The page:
I feel sorry for any job seekers whose parents (or spouses, or whomever) do this without their consent. Those that ASK someone else to do this for them have no one to blame but themselves.

  11. Anonymous*

    I am an older Gen Y, I suppose (early 80's). The ONLY time my parents helped me, in regards to employment or my job search, was to watch my young son while I looked for jobs and went on interviews after I was laid off.

    On the HR side, I've seen a few instances of helicopter parents. I've also had spouses call on behalf of their husband/wife who were employed with the company.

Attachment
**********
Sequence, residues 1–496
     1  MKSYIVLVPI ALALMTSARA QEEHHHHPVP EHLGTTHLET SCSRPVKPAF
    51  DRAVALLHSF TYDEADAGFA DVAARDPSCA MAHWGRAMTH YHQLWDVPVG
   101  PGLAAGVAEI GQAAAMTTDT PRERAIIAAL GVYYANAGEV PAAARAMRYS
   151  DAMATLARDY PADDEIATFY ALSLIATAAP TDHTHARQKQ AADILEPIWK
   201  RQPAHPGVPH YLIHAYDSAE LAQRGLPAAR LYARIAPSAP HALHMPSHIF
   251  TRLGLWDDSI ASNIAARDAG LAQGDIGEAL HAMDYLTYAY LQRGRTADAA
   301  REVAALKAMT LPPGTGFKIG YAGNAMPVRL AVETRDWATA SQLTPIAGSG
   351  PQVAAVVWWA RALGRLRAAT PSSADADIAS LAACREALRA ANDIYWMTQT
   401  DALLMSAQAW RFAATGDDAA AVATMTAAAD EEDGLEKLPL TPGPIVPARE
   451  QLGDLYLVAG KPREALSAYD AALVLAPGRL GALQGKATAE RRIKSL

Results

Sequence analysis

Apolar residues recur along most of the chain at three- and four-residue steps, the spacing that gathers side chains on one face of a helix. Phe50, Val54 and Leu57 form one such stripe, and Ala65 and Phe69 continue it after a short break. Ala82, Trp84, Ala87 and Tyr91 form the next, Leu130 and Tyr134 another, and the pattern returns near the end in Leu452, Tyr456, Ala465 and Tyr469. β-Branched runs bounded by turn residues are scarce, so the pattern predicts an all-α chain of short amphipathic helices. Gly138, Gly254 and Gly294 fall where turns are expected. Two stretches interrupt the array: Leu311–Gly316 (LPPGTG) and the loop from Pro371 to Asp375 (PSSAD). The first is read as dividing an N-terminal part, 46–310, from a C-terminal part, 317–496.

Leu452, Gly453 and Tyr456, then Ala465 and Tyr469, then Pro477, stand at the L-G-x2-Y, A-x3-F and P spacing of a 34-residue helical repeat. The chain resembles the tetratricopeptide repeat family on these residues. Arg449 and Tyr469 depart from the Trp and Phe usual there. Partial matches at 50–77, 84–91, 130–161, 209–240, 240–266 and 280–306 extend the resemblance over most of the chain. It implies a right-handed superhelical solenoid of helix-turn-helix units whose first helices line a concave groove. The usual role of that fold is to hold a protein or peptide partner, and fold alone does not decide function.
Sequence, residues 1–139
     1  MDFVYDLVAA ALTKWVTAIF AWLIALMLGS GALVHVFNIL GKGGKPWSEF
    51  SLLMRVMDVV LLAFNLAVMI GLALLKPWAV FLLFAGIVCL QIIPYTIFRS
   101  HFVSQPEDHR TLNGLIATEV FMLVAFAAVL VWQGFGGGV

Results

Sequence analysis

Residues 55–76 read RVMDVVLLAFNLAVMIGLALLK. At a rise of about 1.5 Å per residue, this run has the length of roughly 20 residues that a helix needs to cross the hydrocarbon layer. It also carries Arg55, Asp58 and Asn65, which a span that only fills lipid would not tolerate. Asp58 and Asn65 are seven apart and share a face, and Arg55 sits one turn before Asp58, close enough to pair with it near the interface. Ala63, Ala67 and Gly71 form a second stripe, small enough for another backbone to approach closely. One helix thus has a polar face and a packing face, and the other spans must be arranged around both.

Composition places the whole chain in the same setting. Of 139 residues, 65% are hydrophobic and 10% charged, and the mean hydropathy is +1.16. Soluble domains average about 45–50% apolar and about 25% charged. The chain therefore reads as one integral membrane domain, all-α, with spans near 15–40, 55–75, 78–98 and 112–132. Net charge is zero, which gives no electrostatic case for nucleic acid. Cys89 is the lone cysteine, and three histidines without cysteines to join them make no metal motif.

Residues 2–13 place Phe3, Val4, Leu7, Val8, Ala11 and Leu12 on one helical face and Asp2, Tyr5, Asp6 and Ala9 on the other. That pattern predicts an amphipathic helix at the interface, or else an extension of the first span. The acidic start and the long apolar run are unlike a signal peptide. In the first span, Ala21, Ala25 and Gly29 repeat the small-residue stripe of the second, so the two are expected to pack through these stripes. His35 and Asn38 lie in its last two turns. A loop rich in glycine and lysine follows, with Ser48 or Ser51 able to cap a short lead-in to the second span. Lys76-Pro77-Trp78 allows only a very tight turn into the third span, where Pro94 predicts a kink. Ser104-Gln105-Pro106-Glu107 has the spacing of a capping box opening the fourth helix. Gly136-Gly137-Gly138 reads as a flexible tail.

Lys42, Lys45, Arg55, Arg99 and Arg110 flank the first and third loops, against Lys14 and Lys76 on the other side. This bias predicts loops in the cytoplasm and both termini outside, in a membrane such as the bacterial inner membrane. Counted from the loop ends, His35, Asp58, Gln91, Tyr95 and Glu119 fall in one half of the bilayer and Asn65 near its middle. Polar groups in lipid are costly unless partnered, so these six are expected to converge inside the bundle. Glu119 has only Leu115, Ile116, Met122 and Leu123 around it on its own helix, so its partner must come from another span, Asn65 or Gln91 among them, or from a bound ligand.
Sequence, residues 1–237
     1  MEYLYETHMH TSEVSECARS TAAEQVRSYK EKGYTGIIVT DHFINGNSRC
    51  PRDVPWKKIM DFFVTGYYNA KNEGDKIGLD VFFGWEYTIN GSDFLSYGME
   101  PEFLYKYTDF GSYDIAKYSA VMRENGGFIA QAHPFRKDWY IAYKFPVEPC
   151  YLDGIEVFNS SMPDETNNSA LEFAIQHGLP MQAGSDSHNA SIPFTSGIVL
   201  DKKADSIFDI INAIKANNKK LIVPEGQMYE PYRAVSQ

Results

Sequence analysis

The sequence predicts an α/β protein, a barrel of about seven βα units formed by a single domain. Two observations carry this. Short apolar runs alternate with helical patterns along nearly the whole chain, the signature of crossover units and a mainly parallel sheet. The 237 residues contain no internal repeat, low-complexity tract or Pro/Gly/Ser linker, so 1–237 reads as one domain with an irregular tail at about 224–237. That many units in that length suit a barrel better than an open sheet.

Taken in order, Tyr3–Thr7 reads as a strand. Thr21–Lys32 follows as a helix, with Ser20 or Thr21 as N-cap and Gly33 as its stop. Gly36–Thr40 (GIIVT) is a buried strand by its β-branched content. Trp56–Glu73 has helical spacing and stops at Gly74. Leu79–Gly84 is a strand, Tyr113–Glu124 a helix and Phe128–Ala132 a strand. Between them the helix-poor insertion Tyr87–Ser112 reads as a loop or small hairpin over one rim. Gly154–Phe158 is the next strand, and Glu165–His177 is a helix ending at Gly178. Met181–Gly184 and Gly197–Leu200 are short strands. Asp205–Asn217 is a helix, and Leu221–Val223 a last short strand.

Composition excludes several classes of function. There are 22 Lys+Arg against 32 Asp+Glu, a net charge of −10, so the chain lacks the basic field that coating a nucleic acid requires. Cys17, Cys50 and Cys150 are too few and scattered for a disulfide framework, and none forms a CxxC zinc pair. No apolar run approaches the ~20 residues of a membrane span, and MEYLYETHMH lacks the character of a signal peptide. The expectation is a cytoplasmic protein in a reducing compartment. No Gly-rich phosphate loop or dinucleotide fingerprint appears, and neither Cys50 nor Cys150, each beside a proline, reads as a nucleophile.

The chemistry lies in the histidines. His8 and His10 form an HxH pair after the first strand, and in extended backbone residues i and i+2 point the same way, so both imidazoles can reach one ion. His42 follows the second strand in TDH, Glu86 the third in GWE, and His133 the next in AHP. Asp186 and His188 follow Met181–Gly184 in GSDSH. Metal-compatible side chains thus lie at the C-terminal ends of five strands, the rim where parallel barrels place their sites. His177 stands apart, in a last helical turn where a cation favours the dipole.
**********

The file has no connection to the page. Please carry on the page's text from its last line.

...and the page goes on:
I hope I raise my children to be independent, giving them more and more freedom as they get older and are ready for it. I want to set appropriate boundries and give them the support and teaching and love they need to be successful, independent adults. I don't think helicopter parents are the norm, but there's enough of them out there.

    As a mother, I can somewhat understand their desire to protect and help their children succeed, and it can be hard to step away and watch your child learn and grow and make mistakes, but you have to.

  12. fposte*

    Good point on the spouses, LabRat. It doesn't make a difference if you're married to the adult or if you're its parent–you don't negotiate or complain on its behalf.

  13. Anonymous*

    Anon @ 1:53am

    What's your point about the adults living at home?